By John Manley
Niall O’Callaghan would have been overjoyed if told a couple months ago that he would be posing in the Belmont Park winner’s circle on Belmont Stakes day. After all, the Corkman harbored Triple Crown aspirations with Nite Dreamer. But that one went lame three days before the Kentucky Derby, and Bob Baffert had one less set of legs to outrunon Saturday. But a preliminary stakes to the Belmont was the Just a Game Breeders’ Cup Handicap, a Grade III grass stakes for fillies and mares at a mile, the optimum distance for Witchful Thinking.
O’Callaghan shipped the 4-year-old daughter of Lord Avie up from Kentucky off a win at Churchill Downs on Kentucky Derby day. The filly assumed the lead at Belmont out of the gate and was never headed, posting a narrow victory over Sopran Mariduff. Chris McCarron rode Witchful Thinking, getting the mile in 1:33.2. The winner paid $9. Witchful Thinking, owned by Leslie Grimm of New Jersey, earned $95,745 with the victory, pushing her career bankroll to $595,860. She has won 10 of 16 starts.
Her Cork-born trainer suggested that the Diana Handicap at Saratoga on Labor Day weekend could be her next outing. The break of three months suggests that this year’s Breeders’ Cup Mile at the friendly confines of Churchill Downs could be a long-term goal. Looming nearer on the horizon for O’Callaghan is the Queen’s Plate at Woodbine on June 21. He has Nite Dreamer, a Canadian-bred, on the comeback trail for that prestigious event.
The Belmont Stakes was the occasion of another hiccup from the Irish-bred Hanuman Highway. Forced to come into the race off workouts, having scratched from the Peter Pan Stakes two weeks earlier, Hanuman Highway came down with a case of colic Friday night and was scratched by trainer Kathy Walsh. Another scratch from the final Triple Crown race was Hot Wells, the son of Go and Go, due to licensing problems with the owner. Yarrow Br’, co-owned by Ireland’s Susan Magnier, was a non-factor in the Belmont, finishing 10th, next-to-last.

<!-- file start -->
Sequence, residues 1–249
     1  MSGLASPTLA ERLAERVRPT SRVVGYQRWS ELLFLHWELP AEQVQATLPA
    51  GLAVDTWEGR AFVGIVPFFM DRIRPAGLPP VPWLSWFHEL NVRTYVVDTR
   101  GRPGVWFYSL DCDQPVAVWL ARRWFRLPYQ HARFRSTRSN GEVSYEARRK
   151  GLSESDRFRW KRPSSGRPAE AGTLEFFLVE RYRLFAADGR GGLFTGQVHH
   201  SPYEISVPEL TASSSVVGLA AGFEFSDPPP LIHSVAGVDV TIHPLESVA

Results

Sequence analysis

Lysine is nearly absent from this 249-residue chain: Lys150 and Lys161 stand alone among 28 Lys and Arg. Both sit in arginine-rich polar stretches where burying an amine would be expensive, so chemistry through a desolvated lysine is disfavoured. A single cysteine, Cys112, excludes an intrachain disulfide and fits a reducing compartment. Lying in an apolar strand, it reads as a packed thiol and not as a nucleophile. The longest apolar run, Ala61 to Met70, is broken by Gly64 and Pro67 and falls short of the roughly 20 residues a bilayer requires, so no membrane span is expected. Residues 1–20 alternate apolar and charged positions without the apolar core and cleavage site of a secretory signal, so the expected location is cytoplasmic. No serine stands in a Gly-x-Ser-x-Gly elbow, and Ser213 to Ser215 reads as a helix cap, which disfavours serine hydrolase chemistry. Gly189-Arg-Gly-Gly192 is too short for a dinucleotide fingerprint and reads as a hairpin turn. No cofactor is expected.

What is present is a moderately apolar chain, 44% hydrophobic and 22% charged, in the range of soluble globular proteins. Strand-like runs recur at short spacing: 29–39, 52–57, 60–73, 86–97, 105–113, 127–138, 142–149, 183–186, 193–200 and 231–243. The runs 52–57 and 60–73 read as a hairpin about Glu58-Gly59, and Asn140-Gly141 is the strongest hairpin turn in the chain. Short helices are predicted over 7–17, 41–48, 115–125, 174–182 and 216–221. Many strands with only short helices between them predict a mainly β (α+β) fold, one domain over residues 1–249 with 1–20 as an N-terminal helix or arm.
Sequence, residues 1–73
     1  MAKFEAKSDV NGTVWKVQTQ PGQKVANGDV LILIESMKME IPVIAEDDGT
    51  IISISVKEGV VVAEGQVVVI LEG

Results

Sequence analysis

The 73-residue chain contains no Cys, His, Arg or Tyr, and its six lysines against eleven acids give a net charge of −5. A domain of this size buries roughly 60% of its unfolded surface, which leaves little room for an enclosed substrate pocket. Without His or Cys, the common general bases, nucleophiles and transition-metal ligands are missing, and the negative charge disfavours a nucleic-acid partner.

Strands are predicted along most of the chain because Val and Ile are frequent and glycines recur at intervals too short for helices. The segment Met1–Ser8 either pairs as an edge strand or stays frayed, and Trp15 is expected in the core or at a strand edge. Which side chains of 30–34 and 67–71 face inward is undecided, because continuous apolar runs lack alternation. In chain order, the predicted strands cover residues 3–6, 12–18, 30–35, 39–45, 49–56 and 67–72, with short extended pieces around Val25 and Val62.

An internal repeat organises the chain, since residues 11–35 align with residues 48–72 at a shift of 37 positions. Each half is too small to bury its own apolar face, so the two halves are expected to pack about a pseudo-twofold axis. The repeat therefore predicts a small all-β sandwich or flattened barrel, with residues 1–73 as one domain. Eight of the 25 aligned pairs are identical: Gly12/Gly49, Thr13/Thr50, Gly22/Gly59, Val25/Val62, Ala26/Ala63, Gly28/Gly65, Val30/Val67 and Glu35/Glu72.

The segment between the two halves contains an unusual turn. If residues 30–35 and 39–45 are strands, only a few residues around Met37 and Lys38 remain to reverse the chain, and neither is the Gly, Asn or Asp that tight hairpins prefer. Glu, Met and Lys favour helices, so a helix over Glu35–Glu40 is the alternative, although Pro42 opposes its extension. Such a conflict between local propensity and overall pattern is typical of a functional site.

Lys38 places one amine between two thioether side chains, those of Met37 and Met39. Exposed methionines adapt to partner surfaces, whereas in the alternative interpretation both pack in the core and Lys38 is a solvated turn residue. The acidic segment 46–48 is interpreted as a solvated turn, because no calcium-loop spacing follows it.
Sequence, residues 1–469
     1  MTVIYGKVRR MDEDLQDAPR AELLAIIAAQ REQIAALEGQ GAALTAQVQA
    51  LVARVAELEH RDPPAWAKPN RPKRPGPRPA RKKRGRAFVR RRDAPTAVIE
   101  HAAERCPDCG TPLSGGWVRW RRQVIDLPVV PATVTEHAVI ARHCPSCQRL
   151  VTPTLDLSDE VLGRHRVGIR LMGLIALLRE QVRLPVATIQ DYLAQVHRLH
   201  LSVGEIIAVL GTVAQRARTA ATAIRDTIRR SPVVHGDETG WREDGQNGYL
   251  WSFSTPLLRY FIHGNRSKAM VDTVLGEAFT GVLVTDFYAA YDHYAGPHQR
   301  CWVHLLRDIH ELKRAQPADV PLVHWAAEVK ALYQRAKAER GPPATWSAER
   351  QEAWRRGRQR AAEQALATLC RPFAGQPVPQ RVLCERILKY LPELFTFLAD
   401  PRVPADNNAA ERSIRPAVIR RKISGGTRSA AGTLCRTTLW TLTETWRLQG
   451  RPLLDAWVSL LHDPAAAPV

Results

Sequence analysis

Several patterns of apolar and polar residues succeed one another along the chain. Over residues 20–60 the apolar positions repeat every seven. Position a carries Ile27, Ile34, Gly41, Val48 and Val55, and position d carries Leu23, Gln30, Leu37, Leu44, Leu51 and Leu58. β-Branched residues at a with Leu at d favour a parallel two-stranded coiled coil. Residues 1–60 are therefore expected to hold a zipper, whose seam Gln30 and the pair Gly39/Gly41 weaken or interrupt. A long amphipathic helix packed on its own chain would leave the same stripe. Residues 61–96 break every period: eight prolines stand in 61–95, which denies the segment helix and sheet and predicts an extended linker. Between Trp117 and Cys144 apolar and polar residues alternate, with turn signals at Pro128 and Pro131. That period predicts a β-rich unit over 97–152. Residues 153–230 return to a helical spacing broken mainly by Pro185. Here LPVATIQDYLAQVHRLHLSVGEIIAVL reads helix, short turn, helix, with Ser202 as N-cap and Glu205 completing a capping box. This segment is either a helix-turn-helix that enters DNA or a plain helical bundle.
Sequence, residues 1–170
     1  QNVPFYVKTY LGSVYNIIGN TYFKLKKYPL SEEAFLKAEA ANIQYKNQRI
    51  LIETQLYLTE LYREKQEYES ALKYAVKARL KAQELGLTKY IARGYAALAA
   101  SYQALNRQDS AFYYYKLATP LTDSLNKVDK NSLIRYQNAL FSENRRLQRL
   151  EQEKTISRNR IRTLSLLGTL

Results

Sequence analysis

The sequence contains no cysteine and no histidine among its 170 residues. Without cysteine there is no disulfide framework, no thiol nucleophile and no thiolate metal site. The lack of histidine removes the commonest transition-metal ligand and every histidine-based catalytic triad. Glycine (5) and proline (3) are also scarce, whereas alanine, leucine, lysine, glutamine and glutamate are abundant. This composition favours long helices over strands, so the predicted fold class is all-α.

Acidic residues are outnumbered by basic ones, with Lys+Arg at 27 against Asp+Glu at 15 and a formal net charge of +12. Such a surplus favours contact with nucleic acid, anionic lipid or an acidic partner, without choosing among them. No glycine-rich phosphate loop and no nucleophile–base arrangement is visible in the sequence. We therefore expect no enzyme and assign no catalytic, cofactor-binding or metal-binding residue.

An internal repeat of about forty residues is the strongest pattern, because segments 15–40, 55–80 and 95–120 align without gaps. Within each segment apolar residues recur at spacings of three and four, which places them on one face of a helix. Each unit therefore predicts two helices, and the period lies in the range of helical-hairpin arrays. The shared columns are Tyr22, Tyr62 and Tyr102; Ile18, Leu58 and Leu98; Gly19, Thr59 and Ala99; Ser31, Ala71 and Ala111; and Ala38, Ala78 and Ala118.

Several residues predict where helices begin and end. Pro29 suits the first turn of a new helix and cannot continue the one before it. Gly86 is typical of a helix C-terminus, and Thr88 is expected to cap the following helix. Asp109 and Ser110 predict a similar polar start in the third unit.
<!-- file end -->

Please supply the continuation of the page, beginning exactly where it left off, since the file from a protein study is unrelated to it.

Events on the other side of the Atlantic had a gloomier cast to them for Mrs. Magnier and the entire Coolmore/Michael Tabor/Aidan O’Brien team. Friday’s Epsom Oaks started the weekend auspiciously enough, with Shahtoush posting a surprise victory under Michael Kinane in this 12-furlong feature for 3-year-old fillies. It turned out to be the highlight of the journey across the Irish Sea for O’Brien’s troops. After all, what price would you have given that Sunshine Street, Noel Meade’s maiden, would outrun all three of O’Brien’s bullets, namely King of Kings, Saratoga Springs and Second Empire in the Epsom Derby? It would have to have been a high price, but a winning one nonetheless.
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Sunshine Street didn’t win the Derby, but his fourth-place finish was considerably better than anything O’Brien could muster. Sunshine Street, a 200-1 non-winner, was sent to the front by John Murtagh and still had the lead two furlongs from home. But a trio of pursuers ran him down, with the nod going to High-Rise, an Irish-bred son of High Estate, owned by Sheikh Mohammed and trained by Luca Cumani. Irish jockeys John Reid on City Honours and Ray Cochrane on Border Arrow got second and third, respectively. Sunshine Street passed the wire fourth, three lengths off the winner.,
Second Empire, the center of controversy after a puzzling ride by Christy Roche in his last race, finished eighth under Kinane at Epsom. Saratoga Springs, ridden by Willie Ryan, was 10th while King of Kings and Pat Eddery were last to cross. King of Kings, talked about at this time last year as a potential wonder horse, was retired after the Derby, due to an aggravation of a knee injury that required surgery last winter. As for his other two, O’Brien admitted after the race that he may have brought Saratoga Springs back too soon after last week’s French Derby, in which he was fourth. The Budweiser Irish Derby on June 28 is a possibility for this one. O’Brien will look for shorter trips than 12 furlongs for Second empire, which would preclude his running at The Curragh later this month. the top two finishers at Epsom have declared the Irish Derby as their next target, as has Meade, who stables Sunshine Street at his yard in Navan, Co. Meath.